Stephen Frears’ drama based on the true story of the relationship between Queen Victoria and a young Indian servant proved much more appealing to Australian cinemagoers than American Assassin and mother! last weekend.
Granted, Frears’ Victoria and Abdul was the widest of the three releases but the winning margin was surprising, given the star casts of Michael Cuesta’s action-thriller and Darren Aronofsky’s horror/mystery.
Well, perhaps not so surprising in the case of the incomprehensible mother!’s dismal debuts in the US – where it was obliterated by the second weekend of the Warner Bros/New Line blockbuster If – and in the UK, France and Germany.
Among the Aussie films, Jeffrey Walker’s Ali’s Wedding is still earning tidy sums in its third weekend and Rhiannon Bannenberg’s tween feature Rip Tide opened on limited screens after earning positive reviews at the Sydney Film Festival.
The top 20 titles generated nearly $13.9 million, up just 1 per cent on the previous weekend, according to Numero.
Directed by Andy Muschietti, It easily retained pole position in Australia too, grossing $5 million in its second outing at 278 locations, easing by 33 per cent. That’s an impressive hold considering the opening weekend set a record for the genre and beat the debuts of Wonder Woman and Dunkirk. That brings the 11-day haul to $14.7 million.
The horror/thriller raked in an estimated $US60 million in the US, propelling the total to $218.7 million; worldwide the cume is a staggering $371.3 million.
Sony’s The Emoji Movie, an animated sci-fi-comedy directed by Tony Leondis, ranked second, drawing $2 million at 281 cinemas and $2.3 million including previews. That’s a decent result in advance of the school holidays, considering the $50 million production has under-performed in the US, taking $83.8 million.
Judi Dench stars as the Queen while Ali Fazal plays Abdul in Frears’ film, which rang up nearly $1.9 million at 272 for Universal.
Roadshow’s CIA thriller American Assassin, which stars Michael Keaton, Dylan O’Brien, Sanaa Lathan and Taylor Kitsch, captured $1.2 million at 204. Pro-rata, that’s below the estimated US 3-day take of $14.8 million.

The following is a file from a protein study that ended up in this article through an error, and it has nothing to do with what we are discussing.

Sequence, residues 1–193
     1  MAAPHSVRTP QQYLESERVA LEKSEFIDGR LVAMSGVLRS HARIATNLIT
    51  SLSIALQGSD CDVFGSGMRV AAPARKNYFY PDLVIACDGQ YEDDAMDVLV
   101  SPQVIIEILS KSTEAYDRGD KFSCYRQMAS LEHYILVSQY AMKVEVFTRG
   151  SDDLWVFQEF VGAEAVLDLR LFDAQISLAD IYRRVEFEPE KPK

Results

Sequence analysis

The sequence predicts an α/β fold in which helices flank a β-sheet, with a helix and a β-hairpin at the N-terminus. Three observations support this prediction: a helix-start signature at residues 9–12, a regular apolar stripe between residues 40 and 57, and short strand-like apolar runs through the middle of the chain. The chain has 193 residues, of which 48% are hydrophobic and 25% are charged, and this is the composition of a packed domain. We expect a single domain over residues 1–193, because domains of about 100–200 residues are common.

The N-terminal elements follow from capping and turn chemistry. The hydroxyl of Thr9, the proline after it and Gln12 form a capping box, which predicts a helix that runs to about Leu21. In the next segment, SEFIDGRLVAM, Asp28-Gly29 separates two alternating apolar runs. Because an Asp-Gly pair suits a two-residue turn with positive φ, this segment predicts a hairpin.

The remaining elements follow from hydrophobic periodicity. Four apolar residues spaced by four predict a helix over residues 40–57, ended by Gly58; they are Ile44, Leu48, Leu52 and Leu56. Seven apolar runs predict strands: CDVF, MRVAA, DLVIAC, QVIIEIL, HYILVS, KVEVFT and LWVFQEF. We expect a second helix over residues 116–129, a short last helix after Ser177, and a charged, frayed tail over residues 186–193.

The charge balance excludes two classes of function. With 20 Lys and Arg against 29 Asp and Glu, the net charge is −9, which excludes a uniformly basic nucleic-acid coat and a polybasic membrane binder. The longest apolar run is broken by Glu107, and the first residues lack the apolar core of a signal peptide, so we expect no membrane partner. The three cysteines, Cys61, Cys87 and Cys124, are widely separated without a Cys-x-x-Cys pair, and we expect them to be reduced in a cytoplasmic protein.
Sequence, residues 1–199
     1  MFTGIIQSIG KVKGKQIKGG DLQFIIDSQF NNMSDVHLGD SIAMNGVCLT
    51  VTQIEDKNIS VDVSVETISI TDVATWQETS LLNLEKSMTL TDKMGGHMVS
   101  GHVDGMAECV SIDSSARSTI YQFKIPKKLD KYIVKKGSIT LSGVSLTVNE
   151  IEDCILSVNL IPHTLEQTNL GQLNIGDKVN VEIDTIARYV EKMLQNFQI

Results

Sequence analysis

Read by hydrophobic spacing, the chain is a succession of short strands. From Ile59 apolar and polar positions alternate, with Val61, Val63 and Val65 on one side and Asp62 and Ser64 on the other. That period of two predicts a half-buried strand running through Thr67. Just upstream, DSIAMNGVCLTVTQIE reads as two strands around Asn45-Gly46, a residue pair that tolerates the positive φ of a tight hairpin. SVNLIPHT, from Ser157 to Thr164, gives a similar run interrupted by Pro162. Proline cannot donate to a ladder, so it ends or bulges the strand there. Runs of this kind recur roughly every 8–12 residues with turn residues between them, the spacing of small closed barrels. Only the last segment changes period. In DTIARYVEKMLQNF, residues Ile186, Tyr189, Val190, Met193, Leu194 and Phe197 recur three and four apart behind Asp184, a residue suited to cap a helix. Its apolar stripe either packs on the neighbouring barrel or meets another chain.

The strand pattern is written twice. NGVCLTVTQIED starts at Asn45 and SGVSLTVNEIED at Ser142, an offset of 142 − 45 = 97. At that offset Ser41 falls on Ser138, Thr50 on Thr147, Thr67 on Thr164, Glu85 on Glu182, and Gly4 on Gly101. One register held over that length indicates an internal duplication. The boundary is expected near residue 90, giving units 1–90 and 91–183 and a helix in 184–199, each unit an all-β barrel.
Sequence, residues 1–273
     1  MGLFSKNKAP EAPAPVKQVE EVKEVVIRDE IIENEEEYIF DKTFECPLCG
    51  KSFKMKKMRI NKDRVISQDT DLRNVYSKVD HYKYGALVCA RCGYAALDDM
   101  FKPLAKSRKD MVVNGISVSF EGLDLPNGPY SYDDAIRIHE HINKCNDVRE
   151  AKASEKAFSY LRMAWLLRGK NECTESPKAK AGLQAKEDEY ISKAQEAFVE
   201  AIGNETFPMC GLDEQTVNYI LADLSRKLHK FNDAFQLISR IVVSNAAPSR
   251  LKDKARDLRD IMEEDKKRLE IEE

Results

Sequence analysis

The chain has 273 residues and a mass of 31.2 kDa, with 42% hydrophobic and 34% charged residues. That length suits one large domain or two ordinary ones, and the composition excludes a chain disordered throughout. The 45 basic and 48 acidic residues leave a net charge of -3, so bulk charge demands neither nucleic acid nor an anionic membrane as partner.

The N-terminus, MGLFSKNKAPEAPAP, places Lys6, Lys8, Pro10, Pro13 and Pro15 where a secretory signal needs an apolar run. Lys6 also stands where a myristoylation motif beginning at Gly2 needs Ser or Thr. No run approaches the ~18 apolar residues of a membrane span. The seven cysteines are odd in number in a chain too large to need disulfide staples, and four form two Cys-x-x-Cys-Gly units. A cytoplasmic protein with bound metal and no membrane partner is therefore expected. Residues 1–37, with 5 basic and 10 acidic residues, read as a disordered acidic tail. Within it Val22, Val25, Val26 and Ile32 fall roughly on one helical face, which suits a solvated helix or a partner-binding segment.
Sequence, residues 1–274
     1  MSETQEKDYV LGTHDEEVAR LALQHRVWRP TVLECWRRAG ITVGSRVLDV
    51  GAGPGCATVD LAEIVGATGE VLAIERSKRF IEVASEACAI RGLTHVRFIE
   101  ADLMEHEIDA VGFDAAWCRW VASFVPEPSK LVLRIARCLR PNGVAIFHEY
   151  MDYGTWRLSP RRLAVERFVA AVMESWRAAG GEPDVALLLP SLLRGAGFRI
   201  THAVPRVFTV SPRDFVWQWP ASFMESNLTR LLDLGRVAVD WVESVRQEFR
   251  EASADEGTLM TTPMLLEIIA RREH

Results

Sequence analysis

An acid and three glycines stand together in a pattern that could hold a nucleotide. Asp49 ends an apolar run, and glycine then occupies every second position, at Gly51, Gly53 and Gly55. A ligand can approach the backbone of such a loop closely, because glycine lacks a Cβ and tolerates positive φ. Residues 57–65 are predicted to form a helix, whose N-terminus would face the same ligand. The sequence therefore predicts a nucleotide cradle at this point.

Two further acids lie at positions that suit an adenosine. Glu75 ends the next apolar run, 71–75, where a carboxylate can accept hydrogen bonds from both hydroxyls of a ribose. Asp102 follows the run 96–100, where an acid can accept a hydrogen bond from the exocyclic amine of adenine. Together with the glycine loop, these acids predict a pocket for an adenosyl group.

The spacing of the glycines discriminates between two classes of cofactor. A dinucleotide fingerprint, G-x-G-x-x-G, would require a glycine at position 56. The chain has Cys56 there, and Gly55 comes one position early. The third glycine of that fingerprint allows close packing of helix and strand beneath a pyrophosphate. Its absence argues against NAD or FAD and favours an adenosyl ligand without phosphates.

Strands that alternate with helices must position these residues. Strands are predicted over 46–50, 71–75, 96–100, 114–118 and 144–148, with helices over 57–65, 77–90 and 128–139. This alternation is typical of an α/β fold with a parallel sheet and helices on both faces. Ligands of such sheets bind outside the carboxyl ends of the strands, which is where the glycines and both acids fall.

Paramount’s mother!, which stars Jennifer Lawrence, Xavier Bardem, Ed Harris and Michelle Pfeiffer, fetched just $708,000 at 213 in Oz and $7.5 million in the US. In the US critics questioned both Paramount’s decision to release the film one week after If and the casting of Lawrence as a petrified, tormented wife, the polar opposite of her kick-ass roles in The Hunger Games and X-Men franchises.
Aussie director Patrick Hughes’ The Hitman’s Bodyguard topped $6 million after rustling up $661,000 in its third weekend at 271 for Roadshow, despite plunging by 47 per cent.
Universal’s racy comedy Girls Trip directed by Malcolm D. Lee advanced to $3.8 million after earning $558,000 in its third on 187, falling 42 by per cent.
Tom Cruise fans aren’t flocking to American Made, the Doug Liman-directed CIA adventure which has scored a moderate $6.2 million after pocketing $306,000 in its fourth frame at 202 for Universal, down 61 per cent.
Celebrate Studio Ghibli, Madman Entertainment’s month-long celebration of the films produced by the venerable Japanese studio, is winding up after banking $766,000, including $116,000 from 52 screens last weekend.
Christopher Nolan’s Dunkirk has amassed more than $508 million worldwide, including $185 million in the US and $23.2 million after nine weeks in Oz.
Ali’s Wedding reached $700,000 after collecting $114,000 at 58 for Madman Entertainment, off by 41 per cent.
Umbrella Entertainment launched Rip Tide on 69 screens with a limited number of sessions, making $44,000 plus $7,600 from two festival screenings. The distributor is treating the first weekend as previews ahead of the proper release this Thursday.
Disney Channel star Debby Ryan plays Cora, a teenage model whose mother (Danielle Carter) runs a major a major modelling agency. When the video of Cora’s emotional breakdown on set goes viral, she flies to Australia to see her estranged aunt Margot (Genevieve Hegney), a former pro-surfer whose surfing business on the rocks.
In its second weekend, Gregory Erdstein’s comedy That’s Not Me brought in just $9,000 on nine screens. In addition to the $48,000 tallied from the indie’s cinema release, the film grossed $26,000 from screenings at the Sydney, Melbourne and Brisbane festivals. Also in its second week, Sera Davies’ feature doc Namatjira Project took $7,000 on nine, for $37,000 thus far.
First-time US director Geremy Jasper’s Patti Cake$, which stars Aussie actress Danielle Macdonald as an aspiring, overweight New Jersey rapper, made quite a splash when it premiered in Sundance. But the drama did not cut through in the US last month, released by Fox Searchlight, so the Australian opening of $19,000 on 20 screens and $67,000 including festival screenings is no surprise.